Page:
Spring in the Okanogan brings promising new prescribed fire program – Conservation Northwest

Northwest Conservation / April 06, 2022 / Forest field program, forestry, forest fires

New Department of Natural Resources plan will improve forest health and resistance to wildfires

By Michael Liu, Okanogan Forest Manager

Spring can mean many different things to people. The return of songbirds, the flowering of arrow leaves, longer days and the opening of Highway 20 in the North Waterfalls.

However, other definition of spring is an early or blooming stage of development. This is the case of the burn directed by the Washington Department of Natural Resources (DNR). While their Forest Resilience Division progressing with incremental approaches to address climate change, forest health, and catastrophic wildfires, it took them a while to begin using prescribed burning as a management tool.

photo of fire crews performing a prescribed burn
A fire crew performs a prescribed burn in Okanogan County.

As a retired ranger, I get it. Implementing a prescribed burn in the landscape is not as easy as it seems. Applying fire to the right landscapes, at the right intensity and at the right time requires analysis and planning. Training is also needed to ensure that qualified personnel are present, that the weather is favorable for the dispersal of smoke, and that adequate emergency resources are available in the event of the unexpected. Add to that the impacts of the COVID-19 pandemic and turbulent fire seasons and it’s no wonder it’s been a while.

Finally, the wait is over. In a recent press release, DNR have announced their intention to launch their prescribed burning program with a transboundary burn in Okanogan County.

The benefits of using prescribed burning were known to early people who had used fire as a management tool for generations. When applied correctly, it can improve forest health and resistance to wildfires by removing fuel buildup on the forest floor, increasing the height of the crowns of overbearing trees, and killing small, fire-tolerant trees. shadow that may have developed in the absence of fire. This means that wildfires will behave more characteristically burning with lower intensity in the drier forests of eastern Washington. In addition, wildlife foraging conditions will be improved and habitat for species such as the white-headed woodpecker will be improved.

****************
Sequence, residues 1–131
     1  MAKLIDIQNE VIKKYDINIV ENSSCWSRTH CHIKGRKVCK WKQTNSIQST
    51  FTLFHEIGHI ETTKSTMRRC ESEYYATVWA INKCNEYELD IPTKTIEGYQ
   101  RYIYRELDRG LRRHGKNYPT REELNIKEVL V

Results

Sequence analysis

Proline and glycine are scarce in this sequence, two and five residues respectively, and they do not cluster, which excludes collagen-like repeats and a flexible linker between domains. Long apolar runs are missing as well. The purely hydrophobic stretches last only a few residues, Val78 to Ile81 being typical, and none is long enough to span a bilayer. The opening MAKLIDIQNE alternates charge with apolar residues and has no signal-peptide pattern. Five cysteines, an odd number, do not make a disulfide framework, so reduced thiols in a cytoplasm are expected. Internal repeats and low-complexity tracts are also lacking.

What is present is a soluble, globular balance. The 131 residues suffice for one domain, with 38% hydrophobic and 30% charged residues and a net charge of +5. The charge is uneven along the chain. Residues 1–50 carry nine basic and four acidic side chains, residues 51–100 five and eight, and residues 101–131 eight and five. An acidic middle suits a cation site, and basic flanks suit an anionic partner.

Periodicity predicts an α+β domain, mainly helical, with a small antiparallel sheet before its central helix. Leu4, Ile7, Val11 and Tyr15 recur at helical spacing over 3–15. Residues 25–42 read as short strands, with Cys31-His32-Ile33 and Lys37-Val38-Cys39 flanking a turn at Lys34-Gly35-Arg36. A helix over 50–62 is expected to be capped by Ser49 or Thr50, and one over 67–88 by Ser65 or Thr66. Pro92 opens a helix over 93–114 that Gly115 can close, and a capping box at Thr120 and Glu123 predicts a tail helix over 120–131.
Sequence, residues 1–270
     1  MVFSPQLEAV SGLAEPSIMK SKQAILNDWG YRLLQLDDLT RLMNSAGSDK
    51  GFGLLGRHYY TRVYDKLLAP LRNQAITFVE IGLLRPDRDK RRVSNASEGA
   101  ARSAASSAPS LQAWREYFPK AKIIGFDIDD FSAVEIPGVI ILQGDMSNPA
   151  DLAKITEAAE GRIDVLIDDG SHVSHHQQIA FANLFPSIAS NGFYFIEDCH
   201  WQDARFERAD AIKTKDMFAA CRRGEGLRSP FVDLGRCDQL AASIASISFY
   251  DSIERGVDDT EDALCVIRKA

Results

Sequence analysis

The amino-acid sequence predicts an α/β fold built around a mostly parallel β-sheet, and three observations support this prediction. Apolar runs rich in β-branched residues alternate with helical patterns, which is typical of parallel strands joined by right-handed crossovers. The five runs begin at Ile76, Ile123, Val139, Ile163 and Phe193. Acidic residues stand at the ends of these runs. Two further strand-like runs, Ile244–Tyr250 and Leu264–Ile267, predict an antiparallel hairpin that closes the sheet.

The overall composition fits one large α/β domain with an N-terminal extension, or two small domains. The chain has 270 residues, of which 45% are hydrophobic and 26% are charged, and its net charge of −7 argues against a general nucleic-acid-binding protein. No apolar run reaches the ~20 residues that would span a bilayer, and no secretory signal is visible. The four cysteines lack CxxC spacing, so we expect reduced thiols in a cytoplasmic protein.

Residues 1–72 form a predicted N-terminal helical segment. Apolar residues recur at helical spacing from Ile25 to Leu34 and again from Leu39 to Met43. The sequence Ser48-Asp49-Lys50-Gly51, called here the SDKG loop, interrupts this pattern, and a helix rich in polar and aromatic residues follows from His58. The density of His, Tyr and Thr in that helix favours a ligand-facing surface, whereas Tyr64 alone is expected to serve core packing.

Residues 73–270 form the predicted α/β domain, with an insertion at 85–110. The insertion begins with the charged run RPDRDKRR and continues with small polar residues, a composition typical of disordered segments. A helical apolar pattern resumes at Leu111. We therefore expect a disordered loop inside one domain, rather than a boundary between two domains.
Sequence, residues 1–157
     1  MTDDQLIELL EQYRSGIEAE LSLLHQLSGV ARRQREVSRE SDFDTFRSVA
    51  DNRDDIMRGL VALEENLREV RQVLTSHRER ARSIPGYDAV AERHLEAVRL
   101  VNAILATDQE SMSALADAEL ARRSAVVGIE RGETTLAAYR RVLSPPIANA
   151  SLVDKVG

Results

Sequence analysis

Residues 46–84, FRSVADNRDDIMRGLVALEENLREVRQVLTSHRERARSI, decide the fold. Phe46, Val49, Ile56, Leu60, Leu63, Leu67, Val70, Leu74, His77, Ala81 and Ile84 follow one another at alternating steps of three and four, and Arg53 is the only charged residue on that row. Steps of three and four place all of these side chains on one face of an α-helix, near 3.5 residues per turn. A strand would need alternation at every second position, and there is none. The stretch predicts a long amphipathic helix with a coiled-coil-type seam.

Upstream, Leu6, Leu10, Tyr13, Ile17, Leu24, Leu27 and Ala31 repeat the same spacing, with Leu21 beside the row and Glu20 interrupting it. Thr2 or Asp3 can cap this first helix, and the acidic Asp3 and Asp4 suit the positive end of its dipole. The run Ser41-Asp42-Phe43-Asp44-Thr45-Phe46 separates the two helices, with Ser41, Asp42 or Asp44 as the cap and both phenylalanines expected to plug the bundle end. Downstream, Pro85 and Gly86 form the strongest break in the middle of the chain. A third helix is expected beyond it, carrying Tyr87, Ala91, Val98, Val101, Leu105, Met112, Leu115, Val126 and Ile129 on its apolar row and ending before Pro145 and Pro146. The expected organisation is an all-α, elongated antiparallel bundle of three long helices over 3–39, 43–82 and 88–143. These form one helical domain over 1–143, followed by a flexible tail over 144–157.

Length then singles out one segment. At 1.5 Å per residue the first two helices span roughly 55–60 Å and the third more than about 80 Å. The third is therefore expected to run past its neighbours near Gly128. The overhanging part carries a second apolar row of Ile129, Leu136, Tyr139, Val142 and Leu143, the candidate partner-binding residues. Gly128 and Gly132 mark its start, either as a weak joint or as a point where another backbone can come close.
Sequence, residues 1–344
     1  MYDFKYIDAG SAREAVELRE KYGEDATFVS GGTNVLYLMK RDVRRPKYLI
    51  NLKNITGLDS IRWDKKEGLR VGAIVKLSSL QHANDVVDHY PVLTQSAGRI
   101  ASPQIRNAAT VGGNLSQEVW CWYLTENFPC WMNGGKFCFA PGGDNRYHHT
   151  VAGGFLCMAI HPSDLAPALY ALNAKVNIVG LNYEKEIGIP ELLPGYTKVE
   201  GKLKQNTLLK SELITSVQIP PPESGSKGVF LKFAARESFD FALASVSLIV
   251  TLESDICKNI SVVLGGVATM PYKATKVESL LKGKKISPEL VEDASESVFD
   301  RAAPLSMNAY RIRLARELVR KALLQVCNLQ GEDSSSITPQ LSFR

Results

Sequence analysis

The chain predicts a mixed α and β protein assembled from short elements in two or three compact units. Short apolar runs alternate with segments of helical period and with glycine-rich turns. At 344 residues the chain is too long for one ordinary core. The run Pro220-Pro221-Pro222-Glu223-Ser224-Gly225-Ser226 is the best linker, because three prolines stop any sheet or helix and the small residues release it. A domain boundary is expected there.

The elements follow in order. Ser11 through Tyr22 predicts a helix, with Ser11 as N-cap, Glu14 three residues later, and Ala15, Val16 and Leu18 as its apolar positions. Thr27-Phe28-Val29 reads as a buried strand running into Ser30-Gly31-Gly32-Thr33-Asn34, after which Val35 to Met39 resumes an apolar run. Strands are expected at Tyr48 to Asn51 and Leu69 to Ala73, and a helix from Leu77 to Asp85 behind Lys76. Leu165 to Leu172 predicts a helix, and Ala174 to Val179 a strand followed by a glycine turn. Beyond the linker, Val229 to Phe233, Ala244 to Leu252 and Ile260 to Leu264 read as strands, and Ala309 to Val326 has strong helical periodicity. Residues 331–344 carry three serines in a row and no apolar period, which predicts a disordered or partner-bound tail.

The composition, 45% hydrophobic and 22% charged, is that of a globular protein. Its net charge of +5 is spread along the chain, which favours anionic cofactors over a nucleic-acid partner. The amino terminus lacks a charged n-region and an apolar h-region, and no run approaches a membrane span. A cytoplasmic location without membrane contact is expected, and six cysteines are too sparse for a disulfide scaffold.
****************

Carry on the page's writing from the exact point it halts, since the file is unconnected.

By partnering with the Washington Department of Fish and Wildlife (WDFW) and the US Bureau of Land Management (BLM), MNR will be able to leverage the expertise of WDFW wildlife managers and BLM prescribed fire managers. Nice work DNR! The benefits will far outweigh any smoke in the air. It is indeed spring in the Okanogan and spring for the prescribed fire program within MNR.

photo of blooming arrowhead balsamroot flowers
Spring in the Okanogan brings the flowering of the arrowhead balsamroot.

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